If we are going to define the middle-class, let’s not ask Charles Gibson
Originally published on BuzzFlash.com on Thu, 04/17/2008 – 7:52am
I missed Tim Russert and Chris Matthews. They aren’t well-schooled in running a debate or asking relevant questions, but Charles Gibson and George Stephanopoulos made Russert and Matthews look like Jim Lehrer.
Gibson’s lack of awareness on salaries was annoying in New Hampshire way back in January, but his obsession with the capital gains tax was frightening.
Gibson was rather emotional and confrontational on the capital gains tax issue, the only time he was all night. He appeared to stand up for the “100 million who own stock” in this country. However, he seemed to be much more worried about his own investments than the ones of the viewers.
Yes, 100 million Americans own stock, but what does that mean? 401(k)s? S&P 500 funds? Of the 100 million, how many receive significant incomes from stock? In doing the math, 1% of that figure is 1 million people. And if those are the upper echelon (yes, I’m including you, Charlie), can’t they afford a little more?
Gibson hasn’t written a book on economics, but his views on the matter are limited to tunnel vision. Gibson has the impression that if A happens, B will always happen regardless of any other variable. So if the capital gains rate goes up, revenues go down, and vice versa. Always. In logic class, Mr. Gibson, that gets you an F.
A better explanation for why Gibson is clueless can be found here.
Obama had it right: if the secretaries of the hedge fund managers pay a higher rate than their bosses, that needs to be fixed.
And the payroll tax issue. Obama wanted to raise the cap on the payroll tax, currently capped around $97,000. Gibson objected since he said Obama wouldn’t raise taxes on the middle class.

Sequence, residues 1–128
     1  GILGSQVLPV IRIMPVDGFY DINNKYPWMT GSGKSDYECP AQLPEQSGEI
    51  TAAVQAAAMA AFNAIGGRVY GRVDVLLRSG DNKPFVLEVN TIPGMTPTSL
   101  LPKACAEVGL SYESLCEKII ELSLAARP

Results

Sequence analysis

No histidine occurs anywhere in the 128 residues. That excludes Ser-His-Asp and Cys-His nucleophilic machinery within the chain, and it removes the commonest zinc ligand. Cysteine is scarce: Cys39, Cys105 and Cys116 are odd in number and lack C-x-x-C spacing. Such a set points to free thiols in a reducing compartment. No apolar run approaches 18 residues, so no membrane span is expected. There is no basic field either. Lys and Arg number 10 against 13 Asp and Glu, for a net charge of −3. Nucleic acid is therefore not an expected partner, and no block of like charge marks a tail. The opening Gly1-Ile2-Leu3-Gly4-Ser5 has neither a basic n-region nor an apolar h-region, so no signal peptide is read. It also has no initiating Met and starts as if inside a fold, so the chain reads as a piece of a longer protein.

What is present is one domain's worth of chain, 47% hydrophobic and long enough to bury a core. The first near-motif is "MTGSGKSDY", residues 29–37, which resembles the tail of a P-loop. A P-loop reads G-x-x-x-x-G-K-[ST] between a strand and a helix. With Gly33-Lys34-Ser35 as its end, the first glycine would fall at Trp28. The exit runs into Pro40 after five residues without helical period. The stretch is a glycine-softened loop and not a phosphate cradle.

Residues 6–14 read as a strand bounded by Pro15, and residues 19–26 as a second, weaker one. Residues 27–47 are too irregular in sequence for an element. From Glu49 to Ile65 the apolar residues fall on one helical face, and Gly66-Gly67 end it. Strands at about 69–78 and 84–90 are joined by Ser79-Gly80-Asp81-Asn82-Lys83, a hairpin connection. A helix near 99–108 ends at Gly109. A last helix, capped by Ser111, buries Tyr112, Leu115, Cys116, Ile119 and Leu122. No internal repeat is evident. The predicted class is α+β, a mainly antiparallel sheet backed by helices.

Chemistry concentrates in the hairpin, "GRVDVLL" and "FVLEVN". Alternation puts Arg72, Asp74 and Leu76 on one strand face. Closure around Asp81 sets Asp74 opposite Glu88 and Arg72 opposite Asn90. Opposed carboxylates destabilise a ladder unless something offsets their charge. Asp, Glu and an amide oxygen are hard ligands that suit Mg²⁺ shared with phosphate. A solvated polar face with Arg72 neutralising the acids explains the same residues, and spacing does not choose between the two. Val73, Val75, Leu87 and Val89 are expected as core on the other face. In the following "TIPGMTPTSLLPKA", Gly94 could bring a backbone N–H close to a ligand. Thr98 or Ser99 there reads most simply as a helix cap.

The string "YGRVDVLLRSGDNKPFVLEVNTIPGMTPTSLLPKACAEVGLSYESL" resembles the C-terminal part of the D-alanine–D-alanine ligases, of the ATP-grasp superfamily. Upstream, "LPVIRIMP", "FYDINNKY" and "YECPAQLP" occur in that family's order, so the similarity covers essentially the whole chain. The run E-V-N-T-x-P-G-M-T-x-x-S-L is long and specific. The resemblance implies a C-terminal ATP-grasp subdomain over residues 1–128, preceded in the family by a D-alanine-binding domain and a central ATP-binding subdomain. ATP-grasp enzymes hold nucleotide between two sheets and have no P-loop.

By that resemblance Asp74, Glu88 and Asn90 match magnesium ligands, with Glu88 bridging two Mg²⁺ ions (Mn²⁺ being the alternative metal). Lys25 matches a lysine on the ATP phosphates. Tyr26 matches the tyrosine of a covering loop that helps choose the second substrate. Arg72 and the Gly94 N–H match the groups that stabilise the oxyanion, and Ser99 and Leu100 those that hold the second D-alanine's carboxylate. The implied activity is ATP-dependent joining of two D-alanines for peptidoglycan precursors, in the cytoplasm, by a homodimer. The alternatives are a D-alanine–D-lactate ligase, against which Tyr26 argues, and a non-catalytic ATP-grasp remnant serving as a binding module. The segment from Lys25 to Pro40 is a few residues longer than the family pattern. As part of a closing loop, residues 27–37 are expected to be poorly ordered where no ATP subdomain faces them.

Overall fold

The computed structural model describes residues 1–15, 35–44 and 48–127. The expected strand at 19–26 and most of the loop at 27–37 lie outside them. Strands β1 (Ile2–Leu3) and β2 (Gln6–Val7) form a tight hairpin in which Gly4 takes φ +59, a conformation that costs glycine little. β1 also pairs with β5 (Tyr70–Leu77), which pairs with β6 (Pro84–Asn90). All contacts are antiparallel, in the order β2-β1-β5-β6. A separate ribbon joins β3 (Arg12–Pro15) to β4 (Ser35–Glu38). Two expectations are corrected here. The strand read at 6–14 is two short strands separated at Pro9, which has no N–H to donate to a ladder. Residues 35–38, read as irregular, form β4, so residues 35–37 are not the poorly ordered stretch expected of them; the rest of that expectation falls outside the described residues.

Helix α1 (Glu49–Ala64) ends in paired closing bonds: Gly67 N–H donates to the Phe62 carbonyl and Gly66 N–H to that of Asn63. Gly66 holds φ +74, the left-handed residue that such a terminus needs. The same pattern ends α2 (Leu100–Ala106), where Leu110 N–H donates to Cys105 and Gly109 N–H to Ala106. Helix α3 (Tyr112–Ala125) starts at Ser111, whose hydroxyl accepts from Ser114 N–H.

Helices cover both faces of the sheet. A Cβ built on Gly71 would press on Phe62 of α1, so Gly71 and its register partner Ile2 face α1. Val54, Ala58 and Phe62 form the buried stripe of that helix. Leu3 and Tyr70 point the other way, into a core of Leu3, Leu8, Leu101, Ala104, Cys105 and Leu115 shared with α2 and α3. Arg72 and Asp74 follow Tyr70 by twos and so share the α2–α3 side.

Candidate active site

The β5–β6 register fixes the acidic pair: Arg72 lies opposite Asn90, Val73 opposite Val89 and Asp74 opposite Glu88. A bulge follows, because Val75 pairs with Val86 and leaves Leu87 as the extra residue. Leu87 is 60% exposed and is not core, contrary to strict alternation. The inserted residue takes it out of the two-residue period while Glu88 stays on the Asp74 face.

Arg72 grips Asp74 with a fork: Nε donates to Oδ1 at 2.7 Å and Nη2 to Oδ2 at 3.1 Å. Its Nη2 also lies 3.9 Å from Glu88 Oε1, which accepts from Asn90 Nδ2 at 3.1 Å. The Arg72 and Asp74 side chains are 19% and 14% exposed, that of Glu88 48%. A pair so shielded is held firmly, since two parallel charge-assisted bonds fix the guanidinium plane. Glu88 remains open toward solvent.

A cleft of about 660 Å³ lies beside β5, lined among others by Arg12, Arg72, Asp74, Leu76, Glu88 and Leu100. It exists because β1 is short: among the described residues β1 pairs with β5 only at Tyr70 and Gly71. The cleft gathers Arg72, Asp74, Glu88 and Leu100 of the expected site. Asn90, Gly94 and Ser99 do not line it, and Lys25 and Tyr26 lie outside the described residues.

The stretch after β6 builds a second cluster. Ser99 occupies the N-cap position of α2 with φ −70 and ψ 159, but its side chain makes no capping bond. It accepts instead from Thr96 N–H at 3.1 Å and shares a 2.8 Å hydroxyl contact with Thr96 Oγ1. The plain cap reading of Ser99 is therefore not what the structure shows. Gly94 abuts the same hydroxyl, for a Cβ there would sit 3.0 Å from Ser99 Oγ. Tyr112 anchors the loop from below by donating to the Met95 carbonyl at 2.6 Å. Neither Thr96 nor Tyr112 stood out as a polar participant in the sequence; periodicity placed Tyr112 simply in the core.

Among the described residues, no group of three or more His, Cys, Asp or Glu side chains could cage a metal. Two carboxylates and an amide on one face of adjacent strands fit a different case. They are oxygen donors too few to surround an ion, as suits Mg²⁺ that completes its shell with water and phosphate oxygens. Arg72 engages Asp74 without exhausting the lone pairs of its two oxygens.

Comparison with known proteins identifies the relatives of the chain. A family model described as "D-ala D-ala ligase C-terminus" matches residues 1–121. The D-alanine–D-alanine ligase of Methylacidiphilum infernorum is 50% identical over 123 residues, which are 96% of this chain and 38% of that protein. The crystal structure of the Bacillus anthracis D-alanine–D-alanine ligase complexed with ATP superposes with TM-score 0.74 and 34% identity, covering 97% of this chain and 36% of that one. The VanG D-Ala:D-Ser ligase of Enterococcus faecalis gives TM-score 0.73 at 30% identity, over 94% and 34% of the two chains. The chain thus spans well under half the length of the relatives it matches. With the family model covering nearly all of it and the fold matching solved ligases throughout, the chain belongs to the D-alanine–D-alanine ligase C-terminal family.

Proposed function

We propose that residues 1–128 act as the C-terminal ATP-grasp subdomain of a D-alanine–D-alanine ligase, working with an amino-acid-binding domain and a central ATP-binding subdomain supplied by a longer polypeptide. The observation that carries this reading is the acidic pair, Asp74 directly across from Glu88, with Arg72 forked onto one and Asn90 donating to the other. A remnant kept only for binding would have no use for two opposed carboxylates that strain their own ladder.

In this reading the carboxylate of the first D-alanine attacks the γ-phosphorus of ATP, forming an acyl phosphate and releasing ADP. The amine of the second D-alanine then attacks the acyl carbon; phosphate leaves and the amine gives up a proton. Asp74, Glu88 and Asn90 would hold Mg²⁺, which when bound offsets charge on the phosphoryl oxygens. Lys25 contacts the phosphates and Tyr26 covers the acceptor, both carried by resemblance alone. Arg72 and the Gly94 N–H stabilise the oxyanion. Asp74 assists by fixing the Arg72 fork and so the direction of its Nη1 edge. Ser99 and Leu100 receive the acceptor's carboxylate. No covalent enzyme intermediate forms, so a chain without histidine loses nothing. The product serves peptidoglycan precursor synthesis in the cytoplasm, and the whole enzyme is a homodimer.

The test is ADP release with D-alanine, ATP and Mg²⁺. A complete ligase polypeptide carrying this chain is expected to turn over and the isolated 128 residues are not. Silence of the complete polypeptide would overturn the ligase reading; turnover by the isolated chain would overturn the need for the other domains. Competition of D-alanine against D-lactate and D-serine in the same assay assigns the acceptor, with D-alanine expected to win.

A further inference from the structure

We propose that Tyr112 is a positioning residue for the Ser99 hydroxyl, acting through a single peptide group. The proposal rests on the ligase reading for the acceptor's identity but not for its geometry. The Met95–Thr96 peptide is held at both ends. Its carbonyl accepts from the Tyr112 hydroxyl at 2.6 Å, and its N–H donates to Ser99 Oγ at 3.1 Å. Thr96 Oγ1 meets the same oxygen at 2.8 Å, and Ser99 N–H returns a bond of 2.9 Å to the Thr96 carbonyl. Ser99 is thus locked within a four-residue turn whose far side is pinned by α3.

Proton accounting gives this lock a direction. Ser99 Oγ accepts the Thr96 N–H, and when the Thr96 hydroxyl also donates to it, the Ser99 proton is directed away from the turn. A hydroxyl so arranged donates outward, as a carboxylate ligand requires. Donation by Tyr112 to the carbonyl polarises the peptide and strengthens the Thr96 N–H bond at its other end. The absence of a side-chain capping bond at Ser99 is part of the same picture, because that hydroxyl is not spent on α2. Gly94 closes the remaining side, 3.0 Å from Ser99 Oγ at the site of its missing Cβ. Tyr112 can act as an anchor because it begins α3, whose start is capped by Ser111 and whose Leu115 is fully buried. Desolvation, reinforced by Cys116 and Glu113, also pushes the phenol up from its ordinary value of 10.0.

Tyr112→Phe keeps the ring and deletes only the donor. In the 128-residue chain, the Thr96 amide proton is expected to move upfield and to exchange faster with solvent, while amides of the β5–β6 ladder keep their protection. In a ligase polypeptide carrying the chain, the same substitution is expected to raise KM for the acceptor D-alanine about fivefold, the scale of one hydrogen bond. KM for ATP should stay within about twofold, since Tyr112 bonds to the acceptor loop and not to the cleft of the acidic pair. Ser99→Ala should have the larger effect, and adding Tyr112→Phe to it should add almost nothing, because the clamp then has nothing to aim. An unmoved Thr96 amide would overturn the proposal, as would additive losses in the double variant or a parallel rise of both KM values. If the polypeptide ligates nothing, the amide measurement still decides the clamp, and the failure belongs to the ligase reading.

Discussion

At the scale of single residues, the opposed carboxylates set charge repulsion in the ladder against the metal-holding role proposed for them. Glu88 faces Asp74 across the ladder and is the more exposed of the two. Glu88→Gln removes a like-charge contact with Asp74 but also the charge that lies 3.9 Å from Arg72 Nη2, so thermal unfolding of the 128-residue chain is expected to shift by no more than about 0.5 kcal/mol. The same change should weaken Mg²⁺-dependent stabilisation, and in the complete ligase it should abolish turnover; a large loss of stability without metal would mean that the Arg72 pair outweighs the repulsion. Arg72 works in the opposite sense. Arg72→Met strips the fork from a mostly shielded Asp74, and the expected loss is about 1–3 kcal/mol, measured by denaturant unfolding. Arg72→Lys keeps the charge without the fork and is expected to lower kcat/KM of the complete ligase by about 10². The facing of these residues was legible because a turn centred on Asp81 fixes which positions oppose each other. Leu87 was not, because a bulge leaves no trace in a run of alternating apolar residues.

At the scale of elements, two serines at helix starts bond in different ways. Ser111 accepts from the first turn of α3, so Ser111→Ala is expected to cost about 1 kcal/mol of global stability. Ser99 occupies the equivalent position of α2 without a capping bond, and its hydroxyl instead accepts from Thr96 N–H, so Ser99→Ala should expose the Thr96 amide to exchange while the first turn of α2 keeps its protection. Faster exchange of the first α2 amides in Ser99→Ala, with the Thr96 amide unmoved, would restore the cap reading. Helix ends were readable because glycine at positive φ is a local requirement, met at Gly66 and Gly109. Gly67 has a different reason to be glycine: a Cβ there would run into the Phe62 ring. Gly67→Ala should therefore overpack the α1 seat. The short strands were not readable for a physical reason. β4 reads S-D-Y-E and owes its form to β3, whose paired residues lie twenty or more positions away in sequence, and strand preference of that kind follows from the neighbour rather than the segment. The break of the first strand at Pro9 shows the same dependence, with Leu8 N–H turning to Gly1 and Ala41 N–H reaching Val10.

Let’s think about this for a second. Obama said 6% of Americans make $100,000 or more a year. Now math isn’t my strong suit, but middle usually means middle. If $100,000 marks the elite of the country, and the payroll tax is capped around $97,000, who is really being hurt by this? Unless there are a ton of people specifically making between $97,000 and $99,999, this category is rather select.
I don’t know the extent of Gibson’s support staff (butler, maid, chaffeur, et al), but he desperately needs a reality check.
I do want to thank Gibson for one thing: opening our eyes to what exactly is the middle class? Since the election cry is on middle-class tax cuts or raising taxes on the wealthy, let’s come up with figures (to be adjusted for inflation).
If the middle-class is defined as less than $200,000 or $250,000 and 6% of Americans make $100,000 or more, we need to change the definition. Perhaps we can add a new classification, such as “upper middle-class” and “lower middle-class.” And we could also add “poor, but fed” and “poor, and not so fed.”
This is a third rail topic. Americans don’t like to think they aren’t middle-class, even if they aren’t. But in this economy, reality is more important than perception, even if it makes you feel less wealthy.